Most buffered output DACs will be able to sink/source current (push/pull) and so the output impedance will be applicable over a negative and positive current ranges. Typically 50-200mΩ.

Integral Non-linearity (INL, aka Relative Accuracy)

Integral non-linearity (INL, also called relative accuracy) is a measure of the difference between the actual output voltage and ideal output voltage for a particular digital input code. It is measured after offset and gain errors are compensated for. To compensate for this, the typical “ideal output voltage” is to determined. Confusingly, there are two different ways the “ideal output voltage” may be calculated:

  1. End point line: A line through the minimum and maximum output voltages of the DAC. The error will be 0 for the first and last points. Sometimes, because of additional errors near the end-points, the line is taken between two codes offset from the extreme limits of the DAC. For example, the 12-bit Texas Instruments DAC7678 DAC provides a relative accuracy measured by a line passing through codes 30 and 4050 (with code 4095 being the upper-limit for a 12-bit DAC)2.

  2. Best fitting line: A line fitted using linear least-squares regression.

The integral non-linearity for digital input code 010 is shown. Note how the 'ideal line' has been offset and gain compensated for, in this case by going through the DACs min and max. output voltages.

The integral non-linearity for digital input code 010 is shown. Note how the 'ideal line' has been offset and gain compensated for, in this case by going through the DACs min and max. output voltages.

If the INL is given in bits, this is achieved by dividing the INL in volts by the voltage of the LSB.

\begin{align} INL_{bits} = \frac{INL_{volts}}{V_{LSB}} \end{align}

For example, if the \(INL_{volts}\) was 4.3mV, the DAC was 10-bit and went from 0V to 2.5V, then:

\begin{align} INL_{bits} &= \frac{4.3mV}{\frac{2.5V}{2^{10}}} \\ &= \frac{4.3mV}{2.44mV} \\ &= 1.8 bits \end{align}

Differential Non-linearity (DNL)

Differential non-linearity measures the deviation from ideal in two analogue output values corresponding to two adjacent digital input values. For example, if the analogue output voltage changes by 1.2LSB when the digital input increments by 1LSB (the smallest step size), then the differential non-linearity is 0.2LSB. The value specified in the DAC datasheet is the worst-case differential non-linearity for any input step change.

The differential non-linearity for any step is given by:

\begin{align} DNL(i) = \frac{V_{out}(i + 1) - V_{out}(i)}{ideal LSB output} - 1 \end{align}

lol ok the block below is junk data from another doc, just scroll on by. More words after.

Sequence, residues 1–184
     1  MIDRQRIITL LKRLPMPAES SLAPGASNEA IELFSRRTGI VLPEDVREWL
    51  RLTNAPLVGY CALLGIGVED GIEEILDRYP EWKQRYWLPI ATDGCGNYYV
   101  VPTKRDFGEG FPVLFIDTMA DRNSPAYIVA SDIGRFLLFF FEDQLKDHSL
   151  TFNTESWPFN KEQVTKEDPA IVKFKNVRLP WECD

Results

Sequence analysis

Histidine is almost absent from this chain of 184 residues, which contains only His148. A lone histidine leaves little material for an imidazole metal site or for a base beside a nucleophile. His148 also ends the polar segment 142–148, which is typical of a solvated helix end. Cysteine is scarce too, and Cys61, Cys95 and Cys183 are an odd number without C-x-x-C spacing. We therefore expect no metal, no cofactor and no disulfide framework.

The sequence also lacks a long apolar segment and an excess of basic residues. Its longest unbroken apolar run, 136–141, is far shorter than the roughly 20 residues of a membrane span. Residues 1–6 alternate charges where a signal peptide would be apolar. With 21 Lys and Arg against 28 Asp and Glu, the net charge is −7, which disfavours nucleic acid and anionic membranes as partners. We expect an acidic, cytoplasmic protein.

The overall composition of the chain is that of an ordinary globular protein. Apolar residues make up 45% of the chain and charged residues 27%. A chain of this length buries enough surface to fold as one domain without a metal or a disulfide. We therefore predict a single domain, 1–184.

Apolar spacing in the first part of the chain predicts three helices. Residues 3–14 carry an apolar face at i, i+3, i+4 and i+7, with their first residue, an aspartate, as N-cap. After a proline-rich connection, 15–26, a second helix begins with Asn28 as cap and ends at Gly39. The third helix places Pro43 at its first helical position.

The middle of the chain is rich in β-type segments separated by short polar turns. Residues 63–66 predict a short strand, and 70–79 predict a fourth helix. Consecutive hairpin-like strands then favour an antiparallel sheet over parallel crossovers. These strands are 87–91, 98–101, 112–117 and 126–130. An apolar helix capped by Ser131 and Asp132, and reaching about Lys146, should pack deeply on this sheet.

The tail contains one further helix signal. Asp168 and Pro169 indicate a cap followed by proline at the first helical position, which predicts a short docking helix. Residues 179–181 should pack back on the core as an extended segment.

And then the value given on the datasheet is just the maximum (DNL) across the whole operating range:

\begin{align} DNL_{max} = max (\sum_{i=0}^{i=n-1} DNL(i)) \end{align}

A differential non-linearity of more than 1LSB may lead to a non-monotonic transfer function (a.k.a. missing codes).

Total Unadjusted Error (TUE)

No, DACs do not have more error on a Tuesday. Total unadjusted error (TUE) is an error metric of a DAC which combines the INL, gain and offset errors into a single metric.

\begin{align} e_{TUE} = \sqrt{ e_{INL}^2 + e_{gain}^2 + e_{offset}^2 } \end{align}

This equation only holds true if the three noise sources are uncorrelated and each follow a normal distribution.

Glitch Energy

Ideally, the output of a DAC would move smoothly from one voltage level to another when the input code is changed. In reality, because the output voltage is determined by discrete switching elements, and each switching element may have slightly different switching times, the output voltage can swing/spike to unexpected voltages while the DAC is transitioning. Even if the internal DAC switches could switch instantaneously, they may be purposely designed with break-before-make behaviour to prevent current shorts in the internal circuitry (very similar to the concept of dead-time in a H-bridge). Resistor ladder DACs have small glitch energies, while R-2R DACs produce large glitch energies.

A simple way to reduce the glitch energy is to add a large capacitor on the output of the DAC. This capacitor, driven by the output impedance of the DAC, will create a low-pass filter and reduce the amplitude of the glitch. However, this capacitor can also slow the settling time of the DAC, which might be undesirable in high-frequency applications.

Another way to reduce the glitch energy is to add a external track/hold amplifier to the output of the DAC. This method can almost completely get rid of any glitching, however it requires additional circuitry and complex timing control between the DAC and track/hold amplifier3.

Manufacturer Part Families

  • AD: Range of DACs by Analog Devices
    • AD7:
  • LTC: Range of DACs by Linear Technology (now owned by Analog Devices).
    • LTC2664: Precision reference DAC.


  1., retrieved 2020-11-03. ↩︎

  2., retrieved 2021-01-29. ↩︎

  3., retrieved 2021-01-21. ↩︎

Related Content:


comments powered by Disqus